City of London Awakens as Subway Traffic Hits Pandemic-Era High
(Bloomberg) -- Workers are using subway services in the City of London at the greatest scale since the beginning of the Covid-19 crisis, in the latest sign that rising vaccination rates and easing lockdowns are getting people back to the office.
Commuters to 15 stations in and around London’s main business district, including Bank and Monument, as well as the smaller financial center of Canary Wharf, recorded 258,481 taps on May 20, based on weekly data from Transport for London.
That represents a jump of about one-quarter from the prior week, and surpasses the previous pandemic-era peak reached on Nov. 4, the day before U.K. residents were ordered to stay home for a second time to fight rising case loads.
Since then, the U.K.’s vaccination campaign has gotten at least one shot into almost 58% of the population. Restaurants and pubs were reopened on a limited basis on May 17. Further measures are due no earlier than June 21, when Prime Minister Boris Johnson has said he expects to drop work-from-home guidance should conditions allow.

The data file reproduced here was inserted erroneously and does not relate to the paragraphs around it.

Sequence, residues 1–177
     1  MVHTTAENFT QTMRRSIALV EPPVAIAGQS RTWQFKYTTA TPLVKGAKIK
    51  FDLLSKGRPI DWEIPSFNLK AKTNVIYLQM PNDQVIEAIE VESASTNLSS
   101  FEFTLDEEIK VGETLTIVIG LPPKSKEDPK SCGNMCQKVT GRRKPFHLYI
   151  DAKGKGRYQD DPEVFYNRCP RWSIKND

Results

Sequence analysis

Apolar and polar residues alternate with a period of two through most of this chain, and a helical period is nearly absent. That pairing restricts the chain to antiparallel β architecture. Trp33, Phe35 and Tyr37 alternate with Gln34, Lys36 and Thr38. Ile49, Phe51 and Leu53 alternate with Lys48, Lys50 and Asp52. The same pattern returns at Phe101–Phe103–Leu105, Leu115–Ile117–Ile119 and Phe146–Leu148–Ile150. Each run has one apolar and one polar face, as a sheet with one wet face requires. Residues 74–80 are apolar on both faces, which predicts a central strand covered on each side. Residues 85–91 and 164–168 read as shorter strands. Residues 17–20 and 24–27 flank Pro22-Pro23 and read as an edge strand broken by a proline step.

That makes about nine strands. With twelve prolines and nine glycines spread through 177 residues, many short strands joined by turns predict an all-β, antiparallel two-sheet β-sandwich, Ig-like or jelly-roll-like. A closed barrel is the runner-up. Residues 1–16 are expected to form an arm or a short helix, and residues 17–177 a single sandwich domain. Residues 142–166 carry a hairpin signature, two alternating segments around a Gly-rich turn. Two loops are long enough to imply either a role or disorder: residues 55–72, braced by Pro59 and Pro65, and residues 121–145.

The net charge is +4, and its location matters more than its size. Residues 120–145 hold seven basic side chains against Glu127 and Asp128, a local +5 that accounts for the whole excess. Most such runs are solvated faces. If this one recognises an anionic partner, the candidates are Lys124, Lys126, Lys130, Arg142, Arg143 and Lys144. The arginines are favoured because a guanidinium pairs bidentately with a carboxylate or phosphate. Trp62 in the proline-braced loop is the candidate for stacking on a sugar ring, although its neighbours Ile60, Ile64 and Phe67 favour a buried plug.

Despite the progress, usage of the Tube in the City remains more than 70% below pre-pandemic levels. Across the system, the recovery is slightly higher, with traffic to stops in the outer suburbs at about half of where it was at the start of 2020.
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